To diagnose flatfoot, Dr. Yurkanin will examine your feet while sitting and standing, and take x-rays to view the internal structure. If you are experiencing symptoms, your treatment will depend upon the type of flatfoot you are diagnosed with and the severity of your symptoms. Treatment for flatfoot begins with non-surgical options, such as: modifying your activities and shoes, losing weight, using orthotics, immobilizing your foot temporarily, taking nonsteroidal anti-inflammatory drugs (NSAIDs), attending physical therapy, and wearing a specialized brace called an ankle-foot orthosis (AFO). If non-surgical treatments do not remedy the problem, then surgical treatment may be required to decrease pain, improve function, and correct the structural misalignment. When surgery is performed, it may entail repair of the tendon, tendon transfers, or cutting and realigning the bone.
Cavus foot is the name given to feet that have abnormally high arches and exert pressure on the ball, heel, and outer edge of the foot when walking or standing. Due to this distribution of pressure, individuals with cavus foot often develop foot problems such as hammertoes, calluses, ankle sprains, and foot drop, in addition to pain localized on the top and middle of the foot.
To properly diagnose cavus foot, Dr. Yurkanin will perform an examination of your feet, ask you about your family history, observe your gait, take x-rays, and perform a basic neurologic test. It is also important to determine the cause of your cavus foot since the underlying cause often determines how the condition progresses. In cases where cavus foot is caused by a neurologic disorder or medical condition such as Charcot-Marie-Tooth disease, spina bifida, polio, muscular dystrophy, or stroke, it is expected the condition will continue to progress. In cases where cavus foot is caused from inherited structural abnormality, there is usually no progression.
Treatment for cavus foot generally includes non-surgical options such as orthotics, shoe modifications, and bracing. Orthotics, or custom-made shoe inserts, help position your foot properly to prevent rolling and promote proper gait, as well as providing additional cushion. Shoe modification, such as wearing high-topped shoes or shoes with wide heels, add support, stability, and prevent your ankle from rolling sideways. Bracing is another option that can also be used to prevent sideways rolling and food drop. In some cases, surgery may be needed. If this is the case, Dr. Yurkanin will evaluate your individual case and make surgical recommendations.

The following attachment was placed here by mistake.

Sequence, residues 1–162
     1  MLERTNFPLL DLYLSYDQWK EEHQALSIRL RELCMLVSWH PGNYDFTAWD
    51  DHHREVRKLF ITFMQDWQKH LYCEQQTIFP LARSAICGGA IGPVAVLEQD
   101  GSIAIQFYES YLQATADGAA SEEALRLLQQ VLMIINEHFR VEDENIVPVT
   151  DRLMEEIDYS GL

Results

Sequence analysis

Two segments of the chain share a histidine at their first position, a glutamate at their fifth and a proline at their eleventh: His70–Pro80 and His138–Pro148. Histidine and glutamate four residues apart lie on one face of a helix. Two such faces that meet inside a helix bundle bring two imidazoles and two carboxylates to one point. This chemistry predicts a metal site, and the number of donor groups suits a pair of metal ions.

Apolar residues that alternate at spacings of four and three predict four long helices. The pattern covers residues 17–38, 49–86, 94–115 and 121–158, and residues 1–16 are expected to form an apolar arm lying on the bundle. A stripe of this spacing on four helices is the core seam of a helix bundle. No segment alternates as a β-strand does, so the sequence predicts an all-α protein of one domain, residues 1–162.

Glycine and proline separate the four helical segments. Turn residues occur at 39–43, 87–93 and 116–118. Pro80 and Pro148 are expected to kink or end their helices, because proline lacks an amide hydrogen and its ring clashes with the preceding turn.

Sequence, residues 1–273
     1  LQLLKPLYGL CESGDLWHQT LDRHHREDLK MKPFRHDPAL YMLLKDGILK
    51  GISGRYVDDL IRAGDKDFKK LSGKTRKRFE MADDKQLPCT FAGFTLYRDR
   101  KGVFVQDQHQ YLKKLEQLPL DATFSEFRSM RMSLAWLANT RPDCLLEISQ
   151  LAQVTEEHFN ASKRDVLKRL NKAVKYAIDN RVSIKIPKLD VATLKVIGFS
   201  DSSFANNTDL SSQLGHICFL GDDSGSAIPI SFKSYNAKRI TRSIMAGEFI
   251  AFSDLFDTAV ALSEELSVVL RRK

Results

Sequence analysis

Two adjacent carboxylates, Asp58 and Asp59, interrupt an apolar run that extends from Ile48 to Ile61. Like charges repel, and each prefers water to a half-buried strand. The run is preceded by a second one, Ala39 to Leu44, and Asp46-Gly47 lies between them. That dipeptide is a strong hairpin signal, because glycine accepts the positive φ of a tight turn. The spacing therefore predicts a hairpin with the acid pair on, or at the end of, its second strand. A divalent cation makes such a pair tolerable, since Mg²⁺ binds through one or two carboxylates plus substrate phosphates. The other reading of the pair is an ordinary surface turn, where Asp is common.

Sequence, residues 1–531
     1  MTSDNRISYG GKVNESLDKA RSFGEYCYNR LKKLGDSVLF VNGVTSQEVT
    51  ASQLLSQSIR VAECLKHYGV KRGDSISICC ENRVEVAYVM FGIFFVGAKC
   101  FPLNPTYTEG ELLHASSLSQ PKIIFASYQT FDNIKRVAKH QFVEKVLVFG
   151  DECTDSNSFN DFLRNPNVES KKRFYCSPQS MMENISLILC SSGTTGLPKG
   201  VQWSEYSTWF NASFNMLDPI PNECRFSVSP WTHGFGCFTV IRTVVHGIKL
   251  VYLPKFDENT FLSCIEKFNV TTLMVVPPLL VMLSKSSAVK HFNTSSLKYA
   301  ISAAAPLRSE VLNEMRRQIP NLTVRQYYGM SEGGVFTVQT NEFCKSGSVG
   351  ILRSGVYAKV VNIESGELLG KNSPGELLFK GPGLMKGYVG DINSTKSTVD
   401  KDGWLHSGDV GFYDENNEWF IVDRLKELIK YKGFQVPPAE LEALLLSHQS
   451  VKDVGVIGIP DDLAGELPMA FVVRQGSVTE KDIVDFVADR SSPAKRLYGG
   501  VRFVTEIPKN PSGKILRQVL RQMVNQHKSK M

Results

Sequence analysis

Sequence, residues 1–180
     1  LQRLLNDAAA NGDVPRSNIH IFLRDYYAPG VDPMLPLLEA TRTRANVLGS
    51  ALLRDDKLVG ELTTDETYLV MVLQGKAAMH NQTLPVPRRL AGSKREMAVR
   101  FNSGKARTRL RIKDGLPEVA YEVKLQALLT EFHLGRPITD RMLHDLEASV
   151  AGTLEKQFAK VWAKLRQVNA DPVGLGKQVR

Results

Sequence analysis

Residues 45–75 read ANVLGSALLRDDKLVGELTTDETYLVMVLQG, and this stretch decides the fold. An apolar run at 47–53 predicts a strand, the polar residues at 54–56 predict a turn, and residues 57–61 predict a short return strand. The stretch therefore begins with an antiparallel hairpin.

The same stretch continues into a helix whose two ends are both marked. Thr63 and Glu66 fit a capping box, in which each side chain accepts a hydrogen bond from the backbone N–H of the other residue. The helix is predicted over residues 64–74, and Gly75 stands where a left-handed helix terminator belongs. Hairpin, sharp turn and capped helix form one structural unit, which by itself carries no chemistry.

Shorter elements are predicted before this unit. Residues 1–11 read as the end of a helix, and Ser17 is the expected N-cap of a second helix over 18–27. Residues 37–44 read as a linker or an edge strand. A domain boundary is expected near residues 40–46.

Haglund’s deformity occurs when a bone spur forms on the back of the heel and aggravates the tissues surrounding the achilles tendon. This can result in bursitis, which is an inflammation of the fluid-filled sac that resides between the tendon and the bone (bursa). Haglund’s deformity can be caused by high-arched feet, a tight achilles tendon, and walking on the outside of the heel. It can be further exasperated, or in some causes directly caused, by wearing shoes with rigid backs that aggravate the enlargement on the heel. Symptoms of Haglund’s deformity include a visible bump on the back of the heel, pain where the achilles tendon meets the heel, and swelling, redness, or inflammation in the back of the heel.
To diagnose Haglund’s deformity, Dr. Yurkanin will perform a physical examination and take x-rays. Non-surgical treatments for Haglund’s deformity can include stretching exercises to loosen the achilles tendon, shoe modifications, the use of heel lifts or pads for support, physical therapy, orthotics, and temporary immobilization. Additionally, nonsteroidal anti-inflammatory drugs (NSAIDs) and ice therapy may be used to manage pain and reduce inflammation.
If surgery is needed, an incision will be made along the back of the achilles tendon. Dr. Yurkanin will begin by removing any excess thickening of the achilles tendon caused by tendonosis. Then, the achilles tendon will be separated from the bone spur so that the bone spur can be removed with the use of a specialized bone saw. Once the bone spur has been removed, then the tendon will be reconstructed around the newly formed heel using the SpeedBridge technique. This technique provides stability during reconstruction, by drilling four specialized sutures into the heel bone that are then used to attach and support the achilles tendon by properly compressing it against the bone. This technique improves ankle stability and allows for earlier weight bearing.
Yurkanin Foot and Ankle Reconstructive Center practices excellence in treating all of your foot and ankle needs, from minimally invasive surgery to complicated reconstructions for foot and ankle problems. Take a step in the right direction and schedule your consultation today!